Wholesale gasoline added 0.5 percent to $2.16 a gallon. Heating oil rose 1.2 percent to $2.22 a

The stock rose 4.4 percent to $112.47.

THE QUOTE: Invesco Chief Global Market Strategist Kristina Hooper said investors are taking a risk by overlooking how damaging the trade war might get and focusing on company profits instead.

"This is all about pushing aside that which is messy and difficult to calculate," she said. "It's far easier to ignore it."

Hooper said the taxes the U.S. placed on imported washing machines earlier this year have clearly hurt sales, and there are signs the newer tariffs are affecting business spending.

ENERGY: U.S. crude oil rose 0.4 percent to $74.11 a barrel in New York. Brent crude, used to price international oils, gained 1 percent to $78.86 a barrel in London.

Wholesale gasoline added 0.5 percent to $2.16 a gallon. Heating oil rose 1.2 percent to $2.22 a gallon. Natural gas fell 1.4 percent to $2.79 per 1,000 cubic feet.

Energy companies continued to rise. Exxon Mobil rose 1 percent to $83.76 and Chevron picked up 1.3 percent to $127.68.

GUT RENO: The shakeup at Lowe's continued as the home improvement chain said its chief operating officer and several other executives are leaving because their jobs are being eliminated or assigned to other executives. Marvin Ellison became Lowe's CEO on July 2 and the company's chief financial officer announced his retirement in June.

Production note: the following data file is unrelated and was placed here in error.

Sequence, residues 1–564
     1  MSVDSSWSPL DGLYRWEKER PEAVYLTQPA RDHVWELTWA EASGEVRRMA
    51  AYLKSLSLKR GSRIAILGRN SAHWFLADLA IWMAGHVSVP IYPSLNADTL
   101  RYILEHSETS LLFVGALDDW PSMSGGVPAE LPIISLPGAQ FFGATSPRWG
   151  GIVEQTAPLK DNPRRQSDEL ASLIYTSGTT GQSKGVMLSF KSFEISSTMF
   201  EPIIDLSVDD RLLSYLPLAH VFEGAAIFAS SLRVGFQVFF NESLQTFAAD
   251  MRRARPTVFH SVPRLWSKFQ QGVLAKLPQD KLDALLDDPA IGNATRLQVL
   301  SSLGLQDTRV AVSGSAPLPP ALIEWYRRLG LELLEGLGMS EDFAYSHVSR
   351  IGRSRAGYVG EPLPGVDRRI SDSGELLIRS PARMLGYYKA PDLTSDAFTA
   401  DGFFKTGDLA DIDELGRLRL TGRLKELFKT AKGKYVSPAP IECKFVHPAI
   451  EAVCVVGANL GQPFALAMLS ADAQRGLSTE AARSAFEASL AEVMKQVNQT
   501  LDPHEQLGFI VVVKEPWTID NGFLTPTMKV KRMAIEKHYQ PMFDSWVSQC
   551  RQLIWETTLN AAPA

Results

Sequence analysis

Lowe's climbed 2.2 percent to $99.05.

JAMMED: J.M. Smucker said it will sell its U.S. baking business, including Pillsbury. Brynwood Partners will buy the division for $375 million. Smucker said the business had about $370 million in sales over its last fiscal year and the sale will reduce i

"This is all about pushing aside that which is messy and difficult to calculate," she said. "It's far easier to ignore it."

Hooper said the taxes the U.S. placed on imported washing machines earlier this year have clearly hurt sales, and there are signs the newer tariffs are affecting business spending.

ENERGY: U.S. crude oil rose 0.4 percent to $74.11 a barrel in New York. Brent crude, used to price international oils, gained 1 percent to $78.86 a barrel in London.